It can be hard to deny that I love vintage things; by my very nature I'm an old soul. I listen to Diana Dors as I sip my first morning coffee, sweep on lipstick as cherry red as Marilyn Monroe and pick out a comfy outfit Audrey Hepburn would be happy with. This love of mid-century glamour does have it's drawbacks though - vintage treasures are hard to come by and can tear with over wear. I have a particular dress which came to me falling apart at the waist and I dare not wear her until she's fixed. Same goes with a Victorian silk skirt who's floor length hem loves to snag in a modern home!
The solution? Make them all again in brand new fabrics and archive the originals? Possible, if not wasteful!
Why? New fabric is harmfully plentiful, contributing to fashion's massive carbon footprint and there seems to be no slowing down. Mills overproduce cloth using plastics and natural fibres, using up finite resources such as water, land, human labour and petrol. Not to mention the environmental impact of using fossil fuels at every stage from growing, harvesting, drilling, transportation, extracting, weaving, knitting, dyeing, finishing, pressing...
This is the main reason I buy second hand, vintage and thrifted clothing in the first place so that I am not personally part of the wastefulness. But we're then back at our original problem; vintage fashion is in itself a finite resource, especially clothes from earlier eras, larger sizes and excellent quality items.
So what is a femme presenting fatale to do?
I have made up in my mind a spectrum of solutions which may prove useful to you too:
Use up your fabric stash and use 2nd hand commercial patterns
- If you're a seamstress like me, you have a stash of fabrics accumulated over the years which just need the right excuse to use. Consider finding vintage dressmaking patterns online and using them to de-stash. The items you make will be utterly unique and fabulously retro!
Make copies of your favourite vintage items in vintage fabrics
- By gently taking a pattern from a precious garment you can remake it time and time again, potentially improving the fit and preserving the original - By making them out of vintage, good-condition fabrics you also have the joy of your old dress becoming new and historically accurate!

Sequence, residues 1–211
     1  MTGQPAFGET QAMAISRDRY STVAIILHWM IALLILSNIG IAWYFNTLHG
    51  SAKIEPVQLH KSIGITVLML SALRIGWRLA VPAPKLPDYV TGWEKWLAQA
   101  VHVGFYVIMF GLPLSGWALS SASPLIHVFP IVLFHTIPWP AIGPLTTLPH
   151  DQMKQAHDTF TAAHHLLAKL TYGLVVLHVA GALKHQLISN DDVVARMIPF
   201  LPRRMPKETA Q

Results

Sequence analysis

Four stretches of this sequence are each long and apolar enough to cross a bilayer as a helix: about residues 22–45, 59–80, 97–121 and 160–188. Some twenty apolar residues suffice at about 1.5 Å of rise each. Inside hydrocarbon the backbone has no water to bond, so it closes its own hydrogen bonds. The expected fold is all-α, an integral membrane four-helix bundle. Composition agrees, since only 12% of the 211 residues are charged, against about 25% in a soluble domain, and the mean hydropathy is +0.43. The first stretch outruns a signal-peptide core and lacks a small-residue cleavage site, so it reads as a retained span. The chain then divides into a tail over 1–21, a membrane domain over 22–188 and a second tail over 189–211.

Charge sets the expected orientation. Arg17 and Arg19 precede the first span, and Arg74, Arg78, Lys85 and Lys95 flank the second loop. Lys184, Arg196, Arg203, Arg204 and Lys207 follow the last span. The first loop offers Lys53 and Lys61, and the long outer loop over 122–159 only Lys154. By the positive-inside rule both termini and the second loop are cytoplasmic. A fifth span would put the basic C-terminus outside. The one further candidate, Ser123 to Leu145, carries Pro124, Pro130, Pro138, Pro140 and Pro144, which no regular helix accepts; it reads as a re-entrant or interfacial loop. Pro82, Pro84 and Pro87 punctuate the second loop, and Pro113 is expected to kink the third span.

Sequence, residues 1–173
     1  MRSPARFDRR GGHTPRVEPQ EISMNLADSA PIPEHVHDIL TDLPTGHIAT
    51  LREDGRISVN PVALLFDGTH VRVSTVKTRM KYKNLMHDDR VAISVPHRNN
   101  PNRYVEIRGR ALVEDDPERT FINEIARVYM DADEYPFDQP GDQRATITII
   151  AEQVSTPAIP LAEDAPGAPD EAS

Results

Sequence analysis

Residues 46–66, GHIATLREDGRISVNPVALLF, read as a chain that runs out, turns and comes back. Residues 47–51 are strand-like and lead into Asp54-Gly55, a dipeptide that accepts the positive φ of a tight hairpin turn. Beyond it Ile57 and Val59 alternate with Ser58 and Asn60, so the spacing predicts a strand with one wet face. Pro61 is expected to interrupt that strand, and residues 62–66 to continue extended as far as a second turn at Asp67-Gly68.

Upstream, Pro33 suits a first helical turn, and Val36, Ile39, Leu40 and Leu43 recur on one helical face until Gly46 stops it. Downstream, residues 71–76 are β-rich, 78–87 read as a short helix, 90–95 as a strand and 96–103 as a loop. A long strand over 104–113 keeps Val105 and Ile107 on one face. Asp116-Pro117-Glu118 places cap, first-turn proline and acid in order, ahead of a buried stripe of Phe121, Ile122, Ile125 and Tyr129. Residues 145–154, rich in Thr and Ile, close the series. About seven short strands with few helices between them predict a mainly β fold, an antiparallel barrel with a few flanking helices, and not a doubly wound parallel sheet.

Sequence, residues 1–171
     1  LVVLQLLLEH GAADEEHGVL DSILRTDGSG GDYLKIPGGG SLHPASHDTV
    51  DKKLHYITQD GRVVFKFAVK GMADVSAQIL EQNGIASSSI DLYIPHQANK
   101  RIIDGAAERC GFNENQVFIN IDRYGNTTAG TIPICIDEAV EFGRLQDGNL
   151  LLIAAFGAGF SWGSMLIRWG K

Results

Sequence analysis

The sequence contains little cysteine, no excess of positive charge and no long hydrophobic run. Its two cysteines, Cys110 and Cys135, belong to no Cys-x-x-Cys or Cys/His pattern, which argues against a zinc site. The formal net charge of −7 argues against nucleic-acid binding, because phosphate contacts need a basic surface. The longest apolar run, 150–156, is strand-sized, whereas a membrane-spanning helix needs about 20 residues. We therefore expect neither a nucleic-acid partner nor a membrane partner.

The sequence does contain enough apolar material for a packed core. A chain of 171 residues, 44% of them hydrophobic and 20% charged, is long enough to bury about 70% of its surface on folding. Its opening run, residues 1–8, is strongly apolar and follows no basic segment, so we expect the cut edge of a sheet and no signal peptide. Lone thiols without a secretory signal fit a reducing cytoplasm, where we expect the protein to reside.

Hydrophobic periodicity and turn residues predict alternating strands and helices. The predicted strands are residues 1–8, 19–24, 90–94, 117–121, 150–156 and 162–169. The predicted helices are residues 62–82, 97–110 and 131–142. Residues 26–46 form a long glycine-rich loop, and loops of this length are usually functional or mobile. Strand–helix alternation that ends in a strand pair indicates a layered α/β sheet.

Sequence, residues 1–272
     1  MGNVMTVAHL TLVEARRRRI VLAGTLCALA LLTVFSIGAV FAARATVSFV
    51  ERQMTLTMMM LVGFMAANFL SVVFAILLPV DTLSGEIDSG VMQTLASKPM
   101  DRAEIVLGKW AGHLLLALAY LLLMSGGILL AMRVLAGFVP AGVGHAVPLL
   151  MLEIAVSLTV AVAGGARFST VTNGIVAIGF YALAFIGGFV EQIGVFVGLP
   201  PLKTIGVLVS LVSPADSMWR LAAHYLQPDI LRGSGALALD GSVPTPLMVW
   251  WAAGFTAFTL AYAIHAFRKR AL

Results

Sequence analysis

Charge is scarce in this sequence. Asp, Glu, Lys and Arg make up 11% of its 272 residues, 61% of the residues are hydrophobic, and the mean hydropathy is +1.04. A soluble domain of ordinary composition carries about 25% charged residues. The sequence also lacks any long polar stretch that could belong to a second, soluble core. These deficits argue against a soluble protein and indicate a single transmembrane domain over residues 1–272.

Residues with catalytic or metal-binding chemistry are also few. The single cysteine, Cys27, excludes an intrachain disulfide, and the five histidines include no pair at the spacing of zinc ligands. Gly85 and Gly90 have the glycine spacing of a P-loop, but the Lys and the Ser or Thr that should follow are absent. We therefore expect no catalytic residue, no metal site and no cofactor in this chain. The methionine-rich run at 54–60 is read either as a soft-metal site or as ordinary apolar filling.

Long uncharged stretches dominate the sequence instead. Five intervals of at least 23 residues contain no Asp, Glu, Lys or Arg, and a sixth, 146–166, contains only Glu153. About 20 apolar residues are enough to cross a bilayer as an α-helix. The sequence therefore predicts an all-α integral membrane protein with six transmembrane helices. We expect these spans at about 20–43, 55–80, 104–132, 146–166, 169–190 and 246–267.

Mix up your eras
- Instead of exclusively making up outfits from the 50s, consider supplementing an original circle skirt with a thrifted top or matching 80s-does-40s with post WW2 accessories. Mixing and matching your vintage makes it absolutely your style and prolongs the life of your beloved clothes.
When buying and using new fabric, only use deadstock or sustainable fibres
- Try researching fabric shops that import the majority of their stock directly from designer mills, selling their deadstock and roll ends.
- Not only is it cheaper, it will be of much higher quality than direct to consumer fabrics. Buying ex-designer will make your designs really sing.
- Sustainable fibres include bamboo, peace silk, organic cotton, organic linen, organic hemp, recycled polyester and even wool and leather, depending on its source. It's just a matter of research and not being tempted by glittery plastic novelty fabrics.
Buy from small, independent, slow paced fashion brands for pieces you'll treasure and to give your antiques a rest.
- Buying from independent designers, (like Mal Amora!) means your garments will be made at a higher quality, will fit better and last much longer. Some even offer bespoke design touches to make your wardrobe truly special.
I hope these tips help you on your journey to becoming Fabulously, Sustainably Retro and don't forget to underpin your look with Mal Amora's eco-friendly ultra-pin-up lingerie. Available in the Boutique...
Got any tips for going Green and Retro? Comment them down below x